Skating through High School

Skating+through+High+School

Teagan Dillon, Staff Reporter

Synchronized skating takes a lot of talent, teamwork, and determination.  Most often when people think of skating they think of jumping and twirling, said junior Mackenzie Elkow, but synchronized skating explores other aspecst of skating such as blocks, pivots, wheels, lifts, etc.

Last year during Spring break, while most people were packing for their vacation to Florida or preparing to stay home in dreary Michigan, junior Mackenzie Elkow flew 4,000 miles to Goteborg, Sweden, for the Synchronized Skating World Championships.

Elkow’s team, the Crystallettes, are based in Dearborn and are known for being one of the best synchronized teams in the United States.  The Crystallettes were one of just two teams from the United States to travel to Sweden for the World Championships, which was a major accomplishment.

The team consists of 20 girls from the metro Detroit area between the ages of 16 and 26.  According to Elkow, each member dedicates roughly 25-35 hours each week to skating.

“It can get pretty hard balancing schoolwork and skating,” said Elkow.  “But I’ve been doing this my whole life so I wouldn’t change a thing.”

Elkow has traveled all across America, Italy, Switzerland, and Sweden with her team, sweeping nearly every competition.  With so much success comes rituals.  From singing certain songs to having the same stretching partner at every competition, the Crystallettes are always focused.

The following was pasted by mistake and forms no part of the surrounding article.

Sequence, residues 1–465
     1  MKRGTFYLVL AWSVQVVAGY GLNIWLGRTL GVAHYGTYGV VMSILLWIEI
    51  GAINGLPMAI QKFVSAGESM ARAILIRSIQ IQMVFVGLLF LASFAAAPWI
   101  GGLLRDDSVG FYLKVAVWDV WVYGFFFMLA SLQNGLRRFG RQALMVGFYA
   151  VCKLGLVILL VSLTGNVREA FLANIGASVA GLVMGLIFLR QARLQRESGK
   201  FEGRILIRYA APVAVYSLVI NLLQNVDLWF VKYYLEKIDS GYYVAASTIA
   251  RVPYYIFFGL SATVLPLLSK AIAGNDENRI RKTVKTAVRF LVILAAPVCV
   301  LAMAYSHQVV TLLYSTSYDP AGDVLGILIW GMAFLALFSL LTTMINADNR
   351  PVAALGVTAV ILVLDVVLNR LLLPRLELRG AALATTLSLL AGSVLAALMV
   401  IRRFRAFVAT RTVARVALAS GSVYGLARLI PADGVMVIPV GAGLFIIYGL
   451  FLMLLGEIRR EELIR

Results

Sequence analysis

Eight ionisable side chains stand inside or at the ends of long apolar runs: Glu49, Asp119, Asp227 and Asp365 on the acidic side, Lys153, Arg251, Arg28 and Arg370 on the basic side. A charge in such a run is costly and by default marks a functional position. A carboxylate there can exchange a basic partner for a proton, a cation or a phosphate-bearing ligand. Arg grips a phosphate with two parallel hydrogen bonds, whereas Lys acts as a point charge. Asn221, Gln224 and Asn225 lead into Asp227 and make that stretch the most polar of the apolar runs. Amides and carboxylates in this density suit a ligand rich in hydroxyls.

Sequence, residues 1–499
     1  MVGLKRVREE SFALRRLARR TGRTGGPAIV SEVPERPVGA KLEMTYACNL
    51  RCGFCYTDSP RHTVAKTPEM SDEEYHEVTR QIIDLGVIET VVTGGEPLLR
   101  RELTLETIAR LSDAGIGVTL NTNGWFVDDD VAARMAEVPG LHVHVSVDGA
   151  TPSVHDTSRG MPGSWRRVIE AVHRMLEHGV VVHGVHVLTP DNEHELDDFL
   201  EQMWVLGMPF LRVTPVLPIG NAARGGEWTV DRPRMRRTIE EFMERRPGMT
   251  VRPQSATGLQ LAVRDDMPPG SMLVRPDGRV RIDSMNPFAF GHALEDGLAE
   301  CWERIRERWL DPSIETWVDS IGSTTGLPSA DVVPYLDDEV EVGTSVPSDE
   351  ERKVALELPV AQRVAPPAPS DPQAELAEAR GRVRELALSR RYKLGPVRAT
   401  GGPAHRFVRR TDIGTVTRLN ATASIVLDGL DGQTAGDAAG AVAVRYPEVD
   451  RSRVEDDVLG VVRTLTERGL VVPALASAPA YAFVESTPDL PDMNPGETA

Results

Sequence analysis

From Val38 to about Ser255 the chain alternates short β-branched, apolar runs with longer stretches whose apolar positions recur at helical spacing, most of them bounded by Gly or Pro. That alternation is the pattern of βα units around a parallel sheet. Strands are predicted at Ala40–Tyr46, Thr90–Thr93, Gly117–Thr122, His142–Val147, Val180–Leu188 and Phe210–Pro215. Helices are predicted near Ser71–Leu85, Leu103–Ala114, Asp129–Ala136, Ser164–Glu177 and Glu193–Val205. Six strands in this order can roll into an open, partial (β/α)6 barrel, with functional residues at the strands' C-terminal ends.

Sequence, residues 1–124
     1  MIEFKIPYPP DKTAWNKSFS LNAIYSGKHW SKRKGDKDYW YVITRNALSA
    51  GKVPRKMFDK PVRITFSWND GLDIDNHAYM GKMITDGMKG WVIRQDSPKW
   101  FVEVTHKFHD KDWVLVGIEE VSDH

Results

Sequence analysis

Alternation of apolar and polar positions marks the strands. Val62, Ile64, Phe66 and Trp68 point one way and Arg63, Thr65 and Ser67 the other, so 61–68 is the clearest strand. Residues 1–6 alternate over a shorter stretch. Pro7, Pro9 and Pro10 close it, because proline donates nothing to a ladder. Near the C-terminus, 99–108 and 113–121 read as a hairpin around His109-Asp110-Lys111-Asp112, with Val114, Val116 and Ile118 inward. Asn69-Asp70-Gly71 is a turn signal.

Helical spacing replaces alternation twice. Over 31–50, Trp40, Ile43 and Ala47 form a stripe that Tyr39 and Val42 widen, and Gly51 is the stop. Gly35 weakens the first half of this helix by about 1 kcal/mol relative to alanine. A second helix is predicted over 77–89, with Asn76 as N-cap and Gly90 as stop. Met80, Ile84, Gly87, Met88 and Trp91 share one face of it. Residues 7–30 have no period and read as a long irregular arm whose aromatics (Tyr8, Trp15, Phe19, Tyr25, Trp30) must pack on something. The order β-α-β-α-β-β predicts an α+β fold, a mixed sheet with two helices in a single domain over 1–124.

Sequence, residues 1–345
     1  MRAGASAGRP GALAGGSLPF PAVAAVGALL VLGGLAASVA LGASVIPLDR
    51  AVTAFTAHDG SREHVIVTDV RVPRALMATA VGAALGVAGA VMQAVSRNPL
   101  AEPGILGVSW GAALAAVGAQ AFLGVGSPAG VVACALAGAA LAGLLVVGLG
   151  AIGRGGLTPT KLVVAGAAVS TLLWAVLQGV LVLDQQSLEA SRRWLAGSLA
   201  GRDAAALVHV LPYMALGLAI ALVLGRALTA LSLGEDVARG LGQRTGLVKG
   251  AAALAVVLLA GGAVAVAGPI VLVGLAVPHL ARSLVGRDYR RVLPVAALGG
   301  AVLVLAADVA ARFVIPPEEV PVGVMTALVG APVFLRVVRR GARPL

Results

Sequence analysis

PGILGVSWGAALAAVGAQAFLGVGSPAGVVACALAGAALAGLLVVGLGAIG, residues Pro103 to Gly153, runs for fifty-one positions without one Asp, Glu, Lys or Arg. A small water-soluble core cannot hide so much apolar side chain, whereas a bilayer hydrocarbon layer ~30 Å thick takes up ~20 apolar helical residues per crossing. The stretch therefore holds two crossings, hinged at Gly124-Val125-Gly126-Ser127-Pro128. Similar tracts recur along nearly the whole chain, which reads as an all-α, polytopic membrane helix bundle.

“Some may say we are superstitious,” said Elkow.  “But for us we like to continue doing what’s worked in the past.”

Synchronized skating takes a lot of determination and endurance.  Not only do the skaters have to concentrate on their routine, they must engage the crowd and judges.  With so much to focus on, injuries run high.

“Last summer I split open my chin, broke my jaw, got a concussion, chipped my teeth, and got stitches in my chin from a bad fall,” said Elkow.

For nearly two months Elkow could not skate, which was the longest break she had in years.

In the winter Elkow skates for the Mercy Figure Skating team which practices every Friday before school and takes part in several competitions throughout the season.  She hopes to continue skating in college and improve every year.

“Skating has taught me so many lessons about life,” said Elkow. “I can’t imagine where I would be without it.”